• Anterior ligaments and capsule are severely stretched and torn, thus permitting a dislocation.
glenohumeral dislocations43
Glenohumeral Dislocations
  • X-rays
    • AP view of the shoulder should be perpendicular to the plane of the scapula rather than standard AP shoulder view.
    • Permits full view of glenoid rim
glenohumeral dislocations46
Glenohumeral Dislocations
  • X-rays
    • Careful axillary views may also show avulsion fractures of the anterior rim
glenohumeral dislocations47
Glenohumeral Dislocations
  • Posterior dislocation
    • Violent internal rotation levers the humerus completely out of the glenoid fossa.
    • Posterior capsule is severely torn, thus permitting a posterior dislocation.
glenohumeral dislocations48
Glenohumeral Dislocations
  • Types of Anterior Dislocations
    • Subcoracoid dislocation (most common)
    • Subclavicular dislocation (rare)
    • Subglenoid dislocation (rare)
glenohumeral dislocations50
Glenohumeral Dislocations
  • Typical Deformity of Subcoracoid Dislocation
    • Arm is fixed in slight abduction and directed upward and inward.
    • Shoulder is flattened.
    • Acromion process is unduly prominent.
    • Elbow is flexed.
    • Forearm is rotated internally.
    • Abnormal prominence exists in the subcoracoid region.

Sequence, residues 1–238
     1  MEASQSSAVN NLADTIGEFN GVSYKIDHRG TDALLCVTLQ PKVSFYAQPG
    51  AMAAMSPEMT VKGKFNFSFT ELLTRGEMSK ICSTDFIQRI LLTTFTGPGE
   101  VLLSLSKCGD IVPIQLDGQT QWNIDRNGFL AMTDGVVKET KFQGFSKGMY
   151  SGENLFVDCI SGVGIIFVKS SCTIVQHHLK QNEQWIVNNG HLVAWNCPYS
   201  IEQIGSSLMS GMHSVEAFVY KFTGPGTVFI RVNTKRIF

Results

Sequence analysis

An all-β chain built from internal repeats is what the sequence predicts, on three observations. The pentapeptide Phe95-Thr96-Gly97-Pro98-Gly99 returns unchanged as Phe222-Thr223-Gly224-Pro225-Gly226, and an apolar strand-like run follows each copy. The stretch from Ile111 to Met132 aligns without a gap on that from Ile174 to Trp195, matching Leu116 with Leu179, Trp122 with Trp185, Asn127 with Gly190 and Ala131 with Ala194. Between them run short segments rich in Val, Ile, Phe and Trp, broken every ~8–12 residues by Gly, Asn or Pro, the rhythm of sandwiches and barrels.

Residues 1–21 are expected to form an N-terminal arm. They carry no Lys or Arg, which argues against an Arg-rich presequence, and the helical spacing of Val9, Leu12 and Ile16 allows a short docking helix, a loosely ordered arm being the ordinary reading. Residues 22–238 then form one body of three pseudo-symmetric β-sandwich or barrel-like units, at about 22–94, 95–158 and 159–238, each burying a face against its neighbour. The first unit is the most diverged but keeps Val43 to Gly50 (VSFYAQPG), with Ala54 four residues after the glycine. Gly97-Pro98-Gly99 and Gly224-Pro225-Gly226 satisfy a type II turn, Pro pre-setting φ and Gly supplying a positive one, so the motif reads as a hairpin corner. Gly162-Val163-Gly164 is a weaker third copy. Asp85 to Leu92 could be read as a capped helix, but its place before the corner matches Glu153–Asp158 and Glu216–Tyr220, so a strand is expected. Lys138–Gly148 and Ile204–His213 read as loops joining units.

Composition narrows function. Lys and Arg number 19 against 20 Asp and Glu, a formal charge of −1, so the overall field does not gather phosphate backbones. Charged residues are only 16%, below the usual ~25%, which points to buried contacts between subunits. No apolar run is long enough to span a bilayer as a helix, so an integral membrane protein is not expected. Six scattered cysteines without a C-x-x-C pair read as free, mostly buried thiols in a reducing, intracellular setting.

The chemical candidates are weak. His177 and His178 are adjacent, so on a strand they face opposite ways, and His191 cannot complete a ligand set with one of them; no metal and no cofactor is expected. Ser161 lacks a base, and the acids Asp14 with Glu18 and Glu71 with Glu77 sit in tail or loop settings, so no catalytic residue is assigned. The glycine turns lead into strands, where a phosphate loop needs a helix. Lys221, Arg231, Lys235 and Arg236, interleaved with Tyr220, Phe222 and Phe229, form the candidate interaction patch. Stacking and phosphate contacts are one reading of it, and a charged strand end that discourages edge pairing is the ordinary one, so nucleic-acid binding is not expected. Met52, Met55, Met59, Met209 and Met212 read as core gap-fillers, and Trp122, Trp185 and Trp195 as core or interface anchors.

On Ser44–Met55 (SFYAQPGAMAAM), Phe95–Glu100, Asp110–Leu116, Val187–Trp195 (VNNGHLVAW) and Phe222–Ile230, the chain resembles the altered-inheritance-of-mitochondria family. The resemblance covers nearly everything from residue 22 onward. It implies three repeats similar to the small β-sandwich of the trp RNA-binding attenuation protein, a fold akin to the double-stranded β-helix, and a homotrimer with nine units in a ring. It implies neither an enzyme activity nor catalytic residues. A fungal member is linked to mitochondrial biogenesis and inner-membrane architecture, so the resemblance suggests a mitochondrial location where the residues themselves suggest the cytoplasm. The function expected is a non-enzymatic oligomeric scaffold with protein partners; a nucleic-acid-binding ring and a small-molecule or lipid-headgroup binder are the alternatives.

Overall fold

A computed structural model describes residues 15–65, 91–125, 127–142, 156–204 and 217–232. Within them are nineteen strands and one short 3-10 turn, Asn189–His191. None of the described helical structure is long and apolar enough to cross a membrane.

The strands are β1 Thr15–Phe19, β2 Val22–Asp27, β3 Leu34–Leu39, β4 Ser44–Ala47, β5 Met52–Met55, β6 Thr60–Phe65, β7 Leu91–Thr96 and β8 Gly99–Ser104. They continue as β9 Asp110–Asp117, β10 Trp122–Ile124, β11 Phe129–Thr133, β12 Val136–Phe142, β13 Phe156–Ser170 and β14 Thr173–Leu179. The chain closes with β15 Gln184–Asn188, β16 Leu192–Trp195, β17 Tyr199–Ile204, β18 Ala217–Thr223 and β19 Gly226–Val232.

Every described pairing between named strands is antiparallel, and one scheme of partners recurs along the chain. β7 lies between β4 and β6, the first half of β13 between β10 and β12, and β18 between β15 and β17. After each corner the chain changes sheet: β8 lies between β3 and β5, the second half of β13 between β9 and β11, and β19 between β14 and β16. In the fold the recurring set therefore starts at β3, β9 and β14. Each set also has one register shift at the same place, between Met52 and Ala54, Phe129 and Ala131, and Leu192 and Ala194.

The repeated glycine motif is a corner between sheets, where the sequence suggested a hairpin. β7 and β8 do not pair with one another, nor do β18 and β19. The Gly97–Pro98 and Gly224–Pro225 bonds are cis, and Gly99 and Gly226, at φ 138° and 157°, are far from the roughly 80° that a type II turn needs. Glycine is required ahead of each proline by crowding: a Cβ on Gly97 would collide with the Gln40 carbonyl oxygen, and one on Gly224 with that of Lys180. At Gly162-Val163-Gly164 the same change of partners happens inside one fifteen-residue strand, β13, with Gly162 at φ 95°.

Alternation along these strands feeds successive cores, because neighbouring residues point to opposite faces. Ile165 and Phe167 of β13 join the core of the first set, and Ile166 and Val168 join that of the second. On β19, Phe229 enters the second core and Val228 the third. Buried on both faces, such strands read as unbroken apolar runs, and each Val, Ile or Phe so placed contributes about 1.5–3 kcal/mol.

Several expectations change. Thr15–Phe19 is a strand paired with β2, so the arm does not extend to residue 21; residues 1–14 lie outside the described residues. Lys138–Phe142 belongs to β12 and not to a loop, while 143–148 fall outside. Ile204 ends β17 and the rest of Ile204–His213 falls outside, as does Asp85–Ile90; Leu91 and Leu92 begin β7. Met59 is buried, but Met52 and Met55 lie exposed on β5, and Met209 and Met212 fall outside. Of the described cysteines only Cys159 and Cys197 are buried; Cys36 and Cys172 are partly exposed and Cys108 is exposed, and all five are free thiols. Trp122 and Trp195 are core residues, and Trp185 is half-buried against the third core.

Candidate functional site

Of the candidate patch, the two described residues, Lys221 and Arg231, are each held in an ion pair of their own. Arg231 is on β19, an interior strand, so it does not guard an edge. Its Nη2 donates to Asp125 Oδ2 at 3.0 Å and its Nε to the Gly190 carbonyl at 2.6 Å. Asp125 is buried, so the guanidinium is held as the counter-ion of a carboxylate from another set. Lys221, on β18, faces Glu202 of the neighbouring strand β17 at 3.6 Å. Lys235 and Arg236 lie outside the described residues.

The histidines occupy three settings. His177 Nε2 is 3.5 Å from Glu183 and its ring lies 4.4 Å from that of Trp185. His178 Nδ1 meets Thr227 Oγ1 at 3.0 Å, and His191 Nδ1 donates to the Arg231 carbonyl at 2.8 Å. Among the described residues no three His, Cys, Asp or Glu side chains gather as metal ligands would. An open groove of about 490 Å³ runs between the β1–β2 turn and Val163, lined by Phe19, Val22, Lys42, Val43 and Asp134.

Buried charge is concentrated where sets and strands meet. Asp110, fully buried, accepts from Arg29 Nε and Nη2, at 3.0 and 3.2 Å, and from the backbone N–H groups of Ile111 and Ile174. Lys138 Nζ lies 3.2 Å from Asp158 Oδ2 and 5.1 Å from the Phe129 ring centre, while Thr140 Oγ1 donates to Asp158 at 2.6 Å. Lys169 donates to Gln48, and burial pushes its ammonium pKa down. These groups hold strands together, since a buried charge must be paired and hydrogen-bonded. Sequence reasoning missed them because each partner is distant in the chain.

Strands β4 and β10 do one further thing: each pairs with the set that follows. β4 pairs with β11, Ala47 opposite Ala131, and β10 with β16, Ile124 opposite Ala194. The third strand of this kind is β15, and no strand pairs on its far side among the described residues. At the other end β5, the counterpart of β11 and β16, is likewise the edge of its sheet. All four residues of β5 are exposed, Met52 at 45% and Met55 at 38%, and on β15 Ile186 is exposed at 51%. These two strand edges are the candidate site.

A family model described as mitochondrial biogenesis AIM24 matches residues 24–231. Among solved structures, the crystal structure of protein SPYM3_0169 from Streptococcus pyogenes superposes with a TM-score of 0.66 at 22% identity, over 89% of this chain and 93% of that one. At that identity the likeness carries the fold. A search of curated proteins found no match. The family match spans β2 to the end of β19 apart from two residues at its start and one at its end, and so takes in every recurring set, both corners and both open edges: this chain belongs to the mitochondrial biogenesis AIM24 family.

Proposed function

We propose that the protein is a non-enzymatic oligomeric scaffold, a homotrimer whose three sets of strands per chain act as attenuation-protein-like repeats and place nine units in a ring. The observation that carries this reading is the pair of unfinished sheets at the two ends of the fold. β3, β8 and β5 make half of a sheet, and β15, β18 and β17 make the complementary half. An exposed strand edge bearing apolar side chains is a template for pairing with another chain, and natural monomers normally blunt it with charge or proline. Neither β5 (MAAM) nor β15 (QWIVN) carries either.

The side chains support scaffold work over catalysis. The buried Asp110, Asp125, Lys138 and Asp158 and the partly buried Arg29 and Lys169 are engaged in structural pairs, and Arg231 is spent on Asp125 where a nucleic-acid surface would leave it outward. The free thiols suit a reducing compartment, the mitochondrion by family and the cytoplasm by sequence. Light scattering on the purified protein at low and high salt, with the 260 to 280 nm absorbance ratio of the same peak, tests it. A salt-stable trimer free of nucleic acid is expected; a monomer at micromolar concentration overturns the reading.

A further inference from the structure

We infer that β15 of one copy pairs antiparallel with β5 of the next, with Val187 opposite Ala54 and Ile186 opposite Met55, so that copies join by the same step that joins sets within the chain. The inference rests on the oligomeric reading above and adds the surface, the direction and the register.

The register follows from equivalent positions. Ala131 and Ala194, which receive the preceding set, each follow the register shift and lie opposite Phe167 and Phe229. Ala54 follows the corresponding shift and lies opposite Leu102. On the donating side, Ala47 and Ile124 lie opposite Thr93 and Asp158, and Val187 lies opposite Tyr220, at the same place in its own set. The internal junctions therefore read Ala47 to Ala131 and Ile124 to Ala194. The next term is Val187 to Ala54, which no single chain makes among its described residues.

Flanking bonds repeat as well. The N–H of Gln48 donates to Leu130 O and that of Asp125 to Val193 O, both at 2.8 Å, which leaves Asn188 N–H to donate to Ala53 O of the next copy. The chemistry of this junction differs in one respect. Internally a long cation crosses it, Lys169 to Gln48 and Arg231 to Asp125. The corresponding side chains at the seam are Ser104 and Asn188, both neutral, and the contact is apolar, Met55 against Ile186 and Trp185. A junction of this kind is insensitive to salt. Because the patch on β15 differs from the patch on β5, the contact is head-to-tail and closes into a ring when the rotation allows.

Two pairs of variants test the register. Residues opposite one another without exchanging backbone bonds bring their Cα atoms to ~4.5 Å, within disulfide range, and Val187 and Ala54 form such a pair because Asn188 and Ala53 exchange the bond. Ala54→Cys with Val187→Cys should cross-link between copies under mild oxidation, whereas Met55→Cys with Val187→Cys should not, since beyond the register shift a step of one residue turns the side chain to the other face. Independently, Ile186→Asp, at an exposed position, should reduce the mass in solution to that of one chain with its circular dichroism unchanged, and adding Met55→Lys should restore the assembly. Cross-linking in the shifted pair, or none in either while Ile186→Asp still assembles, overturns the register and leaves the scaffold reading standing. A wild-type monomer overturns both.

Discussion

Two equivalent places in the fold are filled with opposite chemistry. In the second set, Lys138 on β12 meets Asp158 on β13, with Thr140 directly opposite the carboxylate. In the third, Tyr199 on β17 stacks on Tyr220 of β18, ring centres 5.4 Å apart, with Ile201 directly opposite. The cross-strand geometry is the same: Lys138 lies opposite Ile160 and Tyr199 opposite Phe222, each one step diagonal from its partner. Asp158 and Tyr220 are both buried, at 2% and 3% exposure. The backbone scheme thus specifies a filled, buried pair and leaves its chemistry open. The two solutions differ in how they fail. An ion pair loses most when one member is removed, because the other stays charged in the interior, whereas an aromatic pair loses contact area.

glenohumeral reductions
Glenohumeral Reductions
  • Stimson’s Technique
    • This should be tried first (least traumatic)
      • Patient is prone on the edge of the table
      • Then 10-kg weights are attached to the arm, and the patient maintains this position for 10-15 min.
      • Occasionally, gentle external and internal rotation of the shoulder aids in reduction.
glenohumeral dislocations53
Glenohumeral Dislocations
  • Stimson’s Technique
glenohumeral reductions54
Glenohumeral Reductions
  • Hippocratic Method
    • Practitioner’s stockinged foot is place in between the patient’s chest wall and axilla folds but not in the axilla.
    • Steady traction is maintained while the patient gradually relaxes.
    • Shoulder is slowly rotated externally and abducted.
    • Gentle internal rotation reduces the humeral head.
glenohumeral reductions55
Glenohumeral Reductions

Hippocratic Method

glenohumeral reductions56
Glenohumeral Reductions
  • Kocher’s Maneuver
    • Affected elbow is flexed to 90º.
    • Wrist and point of elbow are gently grasped as the patient relaxes. (at all times the arm is kept pressed against the body.
    • The arm is slowly externally rotated up to about 80º where resistance is felt.
glenohumeral reductions57